A team of rocket engineers could propel the UK to the forefront of commercial space flight.
In the quiet suburbs of Oxfordshire, a small team of engineers may be on the way to achieving what NASA scientists couldn’t – the development of a spaceplane that could reach far into the solar system.
Abingdon-based Reaction Engines has designed the Skylon plane to take payloads – or even passengers – into space from a conventional airport and return them back down to the same runway. The design can carry a 12-tonne payload and could, according to the company, fundamentally change the way we view space travel.
But a spaceplane that can break away from the Earth’s gravitational clutches and return in one piece remains, for many, a near-impossible dream. The European Space Agency (ESA), the Russian Federal Space Agency (RKA) and NASA have poured billions of pounds into single-stage-to-orbit (SSTO) projects and so far none have been successful.
The problem is that the technology to build an SSTO vehicle is extremely challenging, given the huge fuel and power requirements. Rocket-powered vehicles need to achieve a high enough mass ratio to enter orbit and currently the best way to do this is to use the thrust of throwaway rockets, such as the Shuttle’s solid-fuel boosters. However, at around $150m (£96m) per flight in a Shuttle compared with $100,000 in a jumbo jet, the cost of sending even modest numbers of people to space is huge.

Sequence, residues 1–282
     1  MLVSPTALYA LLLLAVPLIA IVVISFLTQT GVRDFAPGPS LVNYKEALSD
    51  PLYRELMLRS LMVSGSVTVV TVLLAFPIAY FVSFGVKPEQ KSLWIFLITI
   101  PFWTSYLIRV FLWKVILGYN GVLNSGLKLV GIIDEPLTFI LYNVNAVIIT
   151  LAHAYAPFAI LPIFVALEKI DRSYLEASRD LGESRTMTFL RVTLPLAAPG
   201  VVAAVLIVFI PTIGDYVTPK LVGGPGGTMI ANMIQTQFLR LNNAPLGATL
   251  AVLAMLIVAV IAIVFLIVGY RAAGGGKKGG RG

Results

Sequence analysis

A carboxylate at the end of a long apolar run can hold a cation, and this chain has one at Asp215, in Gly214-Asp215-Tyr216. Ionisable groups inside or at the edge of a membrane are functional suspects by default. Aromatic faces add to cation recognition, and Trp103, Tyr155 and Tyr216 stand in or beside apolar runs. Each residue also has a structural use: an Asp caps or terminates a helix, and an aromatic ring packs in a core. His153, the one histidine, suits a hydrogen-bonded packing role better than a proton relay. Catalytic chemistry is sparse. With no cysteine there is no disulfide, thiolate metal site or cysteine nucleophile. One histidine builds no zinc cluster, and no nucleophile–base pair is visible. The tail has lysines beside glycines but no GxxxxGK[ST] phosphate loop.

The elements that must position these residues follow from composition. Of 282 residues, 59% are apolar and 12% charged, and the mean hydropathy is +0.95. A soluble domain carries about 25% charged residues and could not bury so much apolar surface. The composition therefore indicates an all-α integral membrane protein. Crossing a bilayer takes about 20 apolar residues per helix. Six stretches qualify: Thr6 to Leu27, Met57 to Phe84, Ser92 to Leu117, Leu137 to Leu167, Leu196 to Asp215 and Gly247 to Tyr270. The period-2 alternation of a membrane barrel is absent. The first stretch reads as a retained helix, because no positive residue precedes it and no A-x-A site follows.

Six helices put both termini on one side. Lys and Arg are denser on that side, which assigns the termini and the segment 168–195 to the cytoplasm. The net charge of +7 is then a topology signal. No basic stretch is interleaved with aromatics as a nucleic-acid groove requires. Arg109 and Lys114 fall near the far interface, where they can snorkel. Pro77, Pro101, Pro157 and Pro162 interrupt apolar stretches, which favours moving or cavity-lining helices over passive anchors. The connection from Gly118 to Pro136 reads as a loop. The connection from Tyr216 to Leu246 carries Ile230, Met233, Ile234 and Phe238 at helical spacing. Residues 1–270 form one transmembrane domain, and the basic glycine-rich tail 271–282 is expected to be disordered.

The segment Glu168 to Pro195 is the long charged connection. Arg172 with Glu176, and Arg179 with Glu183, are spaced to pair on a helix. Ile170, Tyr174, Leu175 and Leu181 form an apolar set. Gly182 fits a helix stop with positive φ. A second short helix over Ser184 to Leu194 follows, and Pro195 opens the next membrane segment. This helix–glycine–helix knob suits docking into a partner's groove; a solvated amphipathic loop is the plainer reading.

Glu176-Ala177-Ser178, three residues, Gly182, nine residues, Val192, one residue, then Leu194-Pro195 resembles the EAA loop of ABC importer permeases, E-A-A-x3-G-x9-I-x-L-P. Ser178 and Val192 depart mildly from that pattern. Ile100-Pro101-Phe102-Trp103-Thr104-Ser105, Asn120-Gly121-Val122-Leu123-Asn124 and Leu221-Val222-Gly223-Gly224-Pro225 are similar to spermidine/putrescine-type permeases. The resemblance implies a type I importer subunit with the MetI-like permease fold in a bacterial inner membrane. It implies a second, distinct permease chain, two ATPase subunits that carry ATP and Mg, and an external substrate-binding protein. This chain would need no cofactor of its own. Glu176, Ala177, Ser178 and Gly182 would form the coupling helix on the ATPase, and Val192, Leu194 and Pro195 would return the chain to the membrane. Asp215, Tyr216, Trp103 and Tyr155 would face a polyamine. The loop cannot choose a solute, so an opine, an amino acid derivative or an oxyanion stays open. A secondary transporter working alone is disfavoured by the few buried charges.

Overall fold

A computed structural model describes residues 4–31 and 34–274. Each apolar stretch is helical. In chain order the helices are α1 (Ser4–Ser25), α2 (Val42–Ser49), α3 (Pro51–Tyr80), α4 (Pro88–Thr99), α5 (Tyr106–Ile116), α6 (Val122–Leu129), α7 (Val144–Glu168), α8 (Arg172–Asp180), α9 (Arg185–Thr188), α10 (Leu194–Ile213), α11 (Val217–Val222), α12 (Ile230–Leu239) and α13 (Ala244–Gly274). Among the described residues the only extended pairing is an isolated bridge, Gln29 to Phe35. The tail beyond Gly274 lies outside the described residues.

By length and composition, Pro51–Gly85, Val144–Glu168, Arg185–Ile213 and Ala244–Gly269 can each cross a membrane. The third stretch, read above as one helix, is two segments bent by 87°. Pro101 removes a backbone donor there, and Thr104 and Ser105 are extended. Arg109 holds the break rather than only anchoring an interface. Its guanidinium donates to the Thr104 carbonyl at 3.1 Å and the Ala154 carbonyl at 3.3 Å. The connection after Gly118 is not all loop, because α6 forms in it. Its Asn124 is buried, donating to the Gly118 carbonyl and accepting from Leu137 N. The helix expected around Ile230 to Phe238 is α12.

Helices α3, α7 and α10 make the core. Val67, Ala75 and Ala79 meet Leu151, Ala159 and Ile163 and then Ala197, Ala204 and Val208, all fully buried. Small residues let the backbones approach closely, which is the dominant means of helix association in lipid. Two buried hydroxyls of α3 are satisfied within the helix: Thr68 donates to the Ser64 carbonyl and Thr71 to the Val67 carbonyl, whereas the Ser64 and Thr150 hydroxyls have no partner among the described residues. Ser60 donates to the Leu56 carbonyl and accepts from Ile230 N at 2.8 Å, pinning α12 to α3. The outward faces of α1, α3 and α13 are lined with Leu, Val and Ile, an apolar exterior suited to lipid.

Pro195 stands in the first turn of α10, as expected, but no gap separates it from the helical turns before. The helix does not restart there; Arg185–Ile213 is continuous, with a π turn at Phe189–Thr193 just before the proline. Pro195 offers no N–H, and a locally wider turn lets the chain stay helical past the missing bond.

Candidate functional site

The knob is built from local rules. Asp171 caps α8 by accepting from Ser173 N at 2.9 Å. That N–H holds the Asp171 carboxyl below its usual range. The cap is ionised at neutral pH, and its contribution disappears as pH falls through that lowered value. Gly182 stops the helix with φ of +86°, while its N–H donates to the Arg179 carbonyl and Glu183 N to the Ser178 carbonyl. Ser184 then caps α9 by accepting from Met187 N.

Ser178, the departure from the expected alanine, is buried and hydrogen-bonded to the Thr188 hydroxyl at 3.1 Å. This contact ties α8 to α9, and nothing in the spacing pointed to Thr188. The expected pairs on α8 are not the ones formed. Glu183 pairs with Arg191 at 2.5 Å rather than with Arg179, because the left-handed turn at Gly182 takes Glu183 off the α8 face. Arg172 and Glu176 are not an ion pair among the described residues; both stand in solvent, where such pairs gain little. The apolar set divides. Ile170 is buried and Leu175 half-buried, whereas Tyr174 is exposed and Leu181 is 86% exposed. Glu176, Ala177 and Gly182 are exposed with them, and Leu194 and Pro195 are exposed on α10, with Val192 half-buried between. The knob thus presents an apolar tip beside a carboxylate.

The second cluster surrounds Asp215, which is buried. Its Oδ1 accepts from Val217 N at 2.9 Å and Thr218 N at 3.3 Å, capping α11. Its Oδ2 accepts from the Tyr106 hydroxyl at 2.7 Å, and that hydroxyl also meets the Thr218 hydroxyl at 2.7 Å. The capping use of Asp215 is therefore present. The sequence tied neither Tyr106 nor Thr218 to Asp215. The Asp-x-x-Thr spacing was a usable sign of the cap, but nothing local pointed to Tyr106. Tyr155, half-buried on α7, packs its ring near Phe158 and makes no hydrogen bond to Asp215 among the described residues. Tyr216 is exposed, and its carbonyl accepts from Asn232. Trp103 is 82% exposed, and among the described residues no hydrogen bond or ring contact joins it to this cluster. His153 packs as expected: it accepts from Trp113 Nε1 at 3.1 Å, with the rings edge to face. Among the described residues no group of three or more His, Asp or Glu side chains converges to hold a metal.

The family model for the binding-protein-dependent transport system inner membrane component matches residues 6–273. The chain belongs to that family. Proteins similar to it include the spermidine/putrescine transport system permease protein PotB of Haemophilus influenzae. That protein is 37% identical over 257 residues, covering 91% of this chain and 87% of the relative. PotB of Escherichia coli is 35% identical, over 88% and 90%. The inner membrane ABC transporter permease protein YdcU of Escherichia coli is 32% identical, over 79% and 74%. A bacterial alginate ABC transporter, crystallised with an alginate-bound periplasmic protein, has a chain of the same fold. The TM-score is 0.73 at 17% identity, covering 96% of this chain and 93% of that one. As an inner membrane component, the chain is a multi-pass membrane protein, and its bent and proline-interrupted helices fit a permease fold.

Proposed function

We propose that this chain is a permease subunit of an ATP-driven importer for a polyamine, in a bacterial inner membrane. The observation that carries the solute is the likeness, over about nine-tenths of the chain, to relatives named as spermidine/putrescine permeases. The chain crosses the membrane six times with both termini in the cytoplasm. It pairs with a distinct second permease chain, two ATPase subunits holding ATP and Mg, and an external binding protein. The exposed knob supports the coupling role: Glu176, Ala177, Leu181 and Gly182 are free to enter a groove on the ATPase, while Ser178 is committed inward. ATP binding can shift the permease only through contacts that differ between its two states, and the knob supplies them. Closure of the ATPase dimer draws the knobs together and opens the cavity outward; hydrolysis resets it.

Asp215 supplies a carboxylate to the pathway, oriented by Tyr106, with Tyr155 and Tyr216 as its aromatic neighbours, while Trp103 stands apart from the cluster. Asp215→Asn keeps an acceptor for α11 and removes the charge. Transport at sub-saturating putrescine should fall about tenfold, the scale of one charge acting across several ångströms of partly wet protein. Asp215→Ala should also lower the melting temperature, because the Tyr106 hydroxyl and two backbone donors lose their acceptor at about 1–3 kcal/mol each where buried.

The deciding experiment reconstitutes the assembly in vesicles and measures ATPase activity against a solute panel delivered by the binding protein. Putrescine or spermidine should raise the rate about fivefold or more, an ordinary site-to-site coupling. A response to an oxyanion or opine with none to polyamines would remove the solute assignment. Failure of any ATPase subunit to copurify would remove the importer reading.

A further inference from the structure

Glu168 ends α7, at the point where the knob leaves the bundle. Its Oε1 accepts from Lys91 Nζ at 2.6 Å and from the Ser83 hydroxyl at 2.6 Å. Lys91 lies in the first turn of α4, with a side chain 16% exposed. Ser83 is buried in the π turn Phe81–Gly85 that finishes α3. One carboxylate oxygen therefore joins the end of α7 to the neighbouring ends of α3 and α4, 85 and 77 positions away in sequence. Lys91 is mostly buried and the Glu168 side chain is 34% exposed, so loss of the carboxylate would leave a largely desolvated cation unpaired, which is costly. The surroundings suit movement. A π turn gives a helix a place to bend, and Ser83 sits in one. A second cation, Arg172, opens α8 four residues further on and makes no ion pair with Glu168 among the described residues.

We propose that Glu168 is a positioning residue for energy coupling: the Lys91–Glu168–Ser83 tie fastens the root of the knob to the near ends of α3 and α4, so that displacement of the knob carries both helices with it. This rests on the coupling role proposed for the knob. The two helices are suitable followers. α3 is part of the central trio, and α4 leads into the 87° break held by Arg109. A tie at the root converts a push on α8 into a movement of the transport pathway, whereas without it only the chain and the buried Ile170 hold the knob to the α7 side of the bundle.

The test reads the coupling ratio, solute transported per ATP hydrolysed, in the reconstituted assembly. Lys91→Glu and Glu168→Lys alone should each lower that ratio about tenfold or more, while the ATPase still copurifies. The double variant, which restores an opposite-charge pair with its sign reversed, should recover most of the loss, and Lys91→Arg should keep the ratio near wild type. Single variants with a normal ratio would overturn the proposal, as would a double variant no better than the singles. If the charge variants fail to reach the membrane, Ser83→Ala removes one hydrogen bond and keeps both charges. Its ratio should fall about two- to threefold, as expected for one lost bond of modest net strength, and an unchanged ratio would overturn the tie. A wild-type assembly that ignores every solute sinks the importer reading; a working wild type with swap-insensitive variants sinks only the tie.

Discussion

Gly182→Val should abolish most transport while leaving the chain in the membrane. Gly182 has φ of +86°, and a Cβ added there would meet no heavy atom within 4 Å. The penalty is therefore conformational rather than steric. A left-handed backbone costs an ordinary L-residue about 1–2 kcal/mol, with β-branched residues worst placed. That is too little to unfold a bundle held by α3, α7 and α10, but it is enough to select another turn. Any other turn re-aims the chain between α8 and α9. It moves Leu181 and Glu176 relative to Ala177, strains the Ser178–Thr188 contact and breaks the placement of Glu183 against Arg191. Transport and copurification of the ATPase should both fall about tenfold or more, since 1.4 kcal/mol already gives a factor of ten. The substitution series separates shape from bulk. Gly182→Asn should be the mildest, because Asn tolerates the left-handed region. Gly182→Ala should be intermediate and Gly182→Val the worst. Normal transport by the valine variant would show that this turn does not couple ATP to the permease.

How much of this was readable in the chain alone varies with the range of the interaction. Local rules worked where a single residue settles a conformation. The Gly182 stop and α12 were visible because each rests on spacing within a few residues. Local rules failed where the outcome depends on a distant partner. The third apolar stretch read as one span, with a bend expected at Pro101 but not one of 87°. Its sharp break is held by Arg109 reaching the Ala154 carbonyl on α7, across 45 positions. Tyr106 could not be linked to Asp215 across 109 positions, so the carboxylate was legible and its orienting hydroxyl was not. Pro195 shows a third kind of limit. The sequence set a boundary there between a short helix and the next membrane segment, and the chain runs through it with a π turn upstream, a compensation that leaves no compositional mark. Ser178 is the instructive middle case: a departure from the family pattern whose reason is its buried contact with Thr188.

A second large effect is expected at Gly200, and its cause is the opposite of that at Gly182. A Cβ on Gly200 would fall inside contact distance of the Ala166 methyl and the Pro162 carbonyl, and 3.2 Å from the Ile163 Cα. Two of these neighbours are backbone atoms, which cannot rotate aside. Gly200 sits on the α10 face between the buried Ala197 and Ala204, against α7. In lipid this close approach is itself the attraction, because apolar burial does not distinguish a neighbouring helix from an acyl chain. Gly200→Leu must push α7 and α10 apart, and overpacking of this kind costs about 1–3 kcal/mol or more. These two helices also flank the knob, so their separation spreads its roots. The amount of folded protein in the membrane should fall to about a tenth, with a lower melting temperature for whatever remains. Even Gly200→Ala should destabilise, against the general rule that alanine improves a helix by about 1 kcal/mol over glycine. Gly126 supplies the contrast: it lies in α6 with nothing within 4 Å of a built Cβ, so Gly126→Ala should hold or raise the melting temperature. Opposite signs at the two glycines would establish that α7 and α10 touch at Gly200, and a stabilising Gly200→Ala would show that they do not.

Richard Varvill, technical director and one of the founders of Reaction Engines, is adamant that SSTO vehicles could change all that. ’Access to space is extraordinarily expensive, yet there’s no law of physics that says it has to be that way,’ he said. ’We just need to prove it’s viable.’
It is this entrepreneurial attitude that has driven Varvill, along with chief executive Alan Bond and chief engineer John Scott-Scott, to spend 30 years of their lives and more than £20m doing just that.
Their concept for the Skylon is based around a synergistic air-breathing rocket engine (SABRE) that uses jet propulsion to reach the edge of the Earth’s atmosphere before switching to rocket power to get into orbit. The first phase of SABRE requires air from the atmosphere to be cooled before being compressed into the engine and burned with hydrogen, while the second phase draws on liquid hydrogen and a small supply of liquid oxygen to propel the plane into space at speeds of Mach 25.
No one has ever made these heat exchangers at the size, scale and weight that we need to achieve
Richard Varvill, Reaction Engines
The breakthrough for Reaction Engines has been in the development of its pre-cooler system. At Mach 5, SABRE will need to cope with gases entering at temperatures reaching 1,000 degrees celcius. The pre-cooler uses thousands of small-bore thin-wall tubes, each around the width of a human hair, to drop the air temperature to -150degrees celcius in just 30ms. Back when Skylon was still a concept, the required heat exchangers for this type of pre-cooled jet engine were impossible to make, but with improvements in materials and manufacturing techniques, Varvill believes the technology has turned a corner.